It's not Christmas without a little Ebenezer Scrooge. And
fortunately, Goodman Theatre's annual production brings Dickens'
most famous character to life in all his miserly glory, making for
a lovely holiday tradition.
The cozy theater is a perfect spot for a re-creation of
Victorian London, with every seat offering a good view of the
stage. Audiences will delight at the familiar words, from the
show-opening, "Marley was dead to begin with" to Tiny Tim's cheery
"God bless us, every one!" And even if you've seen countless
versions of the 170-year-old novella (The Muppets Christmas Carol
is a favorite in my house), don't be surprised if you come away
with a new appreciation for the story thanks to this faithful
While the youngest tots might be scared at times - it
is about ghosts, after all, and even I jumped at the
sudden appearance of the Ghost of Christmas Yet-to-Come - the show
is great for kids in elementary school and up and provides an
introduction to Dickens' famous tale and literature in general. A
young audience member behind me asked a few questions during the
show, but seemed to follow along once the story really got rolling.
Plus, I was surprised at how many laughs there were, bringing the
story to a more accessible level for younger audience members.
The source of most of those laughs is Larry Yando's Scrooge, who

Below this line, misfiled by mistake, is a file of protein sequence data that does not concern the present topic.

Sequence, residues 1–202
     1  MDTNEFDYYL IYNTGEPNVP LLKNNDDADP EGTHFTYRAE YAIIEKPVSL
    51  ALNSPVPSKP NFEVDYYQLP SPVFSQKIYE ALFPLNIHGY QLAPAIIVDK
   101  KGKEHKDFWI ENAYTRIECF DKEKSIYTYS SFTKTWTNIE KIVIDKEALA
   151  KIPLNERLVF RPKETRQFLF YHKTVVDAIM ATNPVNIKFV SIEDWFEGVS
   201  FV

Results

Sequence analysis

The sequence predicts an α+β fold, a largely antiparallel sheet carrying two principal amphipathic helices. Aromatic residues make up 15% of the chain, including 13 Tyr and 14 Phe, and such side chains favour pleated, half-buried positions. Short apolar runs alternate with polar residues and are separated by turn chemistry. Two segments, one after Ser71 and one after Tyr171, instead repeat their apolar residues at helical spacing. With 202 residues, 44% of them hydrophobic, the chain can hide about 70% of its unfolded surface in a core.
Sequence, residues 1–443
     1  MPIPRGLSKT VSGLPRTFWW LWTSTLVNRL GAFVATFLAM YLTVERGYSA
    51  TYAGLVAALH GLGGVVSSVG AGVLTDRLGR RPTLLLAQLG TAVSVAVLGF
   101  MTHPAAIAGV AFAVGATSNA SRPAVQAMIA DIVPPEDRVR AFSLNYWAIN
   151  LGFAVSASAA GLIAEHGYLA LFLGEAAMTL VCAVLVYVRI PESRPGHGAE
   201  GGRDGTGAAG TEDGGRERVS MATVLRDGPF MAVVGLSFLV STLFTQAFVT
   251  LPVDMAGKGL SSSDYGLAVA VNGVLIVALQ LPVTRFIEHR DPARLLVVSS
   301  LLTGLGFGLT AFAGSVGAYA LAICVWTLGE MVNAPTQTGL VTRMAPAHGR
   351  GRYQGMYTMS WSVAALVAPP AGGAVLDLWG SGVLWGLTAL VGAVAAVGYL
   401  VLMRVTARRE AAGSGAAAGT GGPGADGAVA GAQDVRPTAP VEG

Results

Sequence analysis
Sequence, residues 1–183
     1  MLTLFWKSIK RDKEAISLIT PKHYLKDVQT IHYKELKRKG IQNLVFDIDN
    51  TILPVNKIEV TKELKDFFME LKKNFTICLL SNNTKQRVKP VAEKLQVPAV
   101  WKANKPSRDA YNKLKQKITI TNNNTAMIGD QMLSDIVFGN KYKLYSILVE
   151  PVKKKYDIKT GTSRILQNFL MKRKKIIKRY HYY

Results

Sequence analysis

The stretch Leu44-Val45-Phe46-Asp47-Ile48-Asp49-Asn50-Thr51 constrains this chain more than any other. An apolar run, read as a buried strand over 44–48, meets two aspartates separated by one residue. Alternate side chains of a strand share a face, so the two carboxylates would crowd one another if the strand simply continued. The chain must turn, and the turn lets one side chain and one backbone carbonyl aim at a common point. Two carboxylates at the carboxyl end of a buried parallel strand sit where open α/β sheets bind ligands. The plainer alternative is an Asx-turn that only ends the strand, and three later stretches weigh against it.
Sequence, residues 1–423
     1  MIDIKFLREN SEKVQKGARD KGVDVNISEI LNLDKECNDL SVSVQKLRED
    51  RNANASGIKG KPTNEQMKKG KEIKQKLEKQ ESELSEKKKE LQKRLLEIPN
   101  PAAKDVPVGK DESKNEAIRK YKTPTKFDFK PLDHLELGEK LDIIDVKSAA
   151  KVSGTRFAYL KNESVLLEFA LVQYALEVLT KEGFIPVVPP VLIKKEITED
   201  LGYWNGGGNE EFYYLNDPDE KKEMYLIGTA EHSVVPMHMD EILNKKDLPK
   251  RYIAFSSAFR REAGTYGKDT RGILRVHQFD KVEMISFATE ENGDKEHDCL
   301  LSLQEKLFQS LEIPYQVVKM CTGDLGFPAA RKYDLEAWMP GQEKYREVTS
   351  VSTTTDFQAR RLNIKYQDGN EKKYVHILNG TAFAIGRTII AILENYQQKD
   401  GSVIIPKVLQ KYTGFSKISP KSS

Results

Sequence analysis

perfectly plays the transformation from a downright mean skinflint
to a man who's been given a second lease on life. I giggled just as
heartily as the younger set at some of his sillier antics. But the
show's sense of humor, while welcome, never overshadows the greater
message of generosity and goodwill.
While the star of the show is undoubtedly Scrooge, the whole
company does an admirable job bringing other characters to life.
Standouts include down-but-never-out Bob Cratchit (Ron Rains),
jolly Mr. Fezziwig (Michael Aaron Lindner), the imperial Ghost of
Christmas Present (A. C. Smith), and the Narrator (Sarah
Chalcroft), who presides over the whole show with a kind twinkle in
Goodman also makes great use of some local child actors,
including an adorable Tiny Tim (Matthew George Abraham), who
delivers his signature line with aplomb.
With just a two hour running-time, including intermission, A
Christmas Carol makes a great outing this holiday season. And it
just might start a long-standing tradition for your family to
return to, year after year … no bah-humbugs about it.
Elizabeth Diffin is the associate editor at Chicago Parent. She lives in Wheaton.
See more of Elizabeth's stories here.
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